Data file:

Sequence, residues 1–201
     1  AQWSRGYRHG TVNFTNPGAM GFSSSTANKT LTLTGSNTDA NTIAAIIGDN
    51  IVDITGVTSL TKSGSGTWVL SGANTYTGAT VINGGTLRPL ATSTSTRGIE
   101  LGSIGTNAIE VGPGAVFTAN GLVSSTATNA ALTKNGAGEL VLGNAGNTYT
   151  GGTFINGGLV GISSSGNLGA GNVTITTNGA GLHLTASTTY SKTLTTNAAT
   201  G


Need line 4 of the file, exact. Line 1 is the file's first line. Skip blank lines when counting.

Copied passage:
   101  LGSIGTNAIE VGPGAVFTAN GLVSSTATNA ALTKNGAGEL VLGNAGNTYT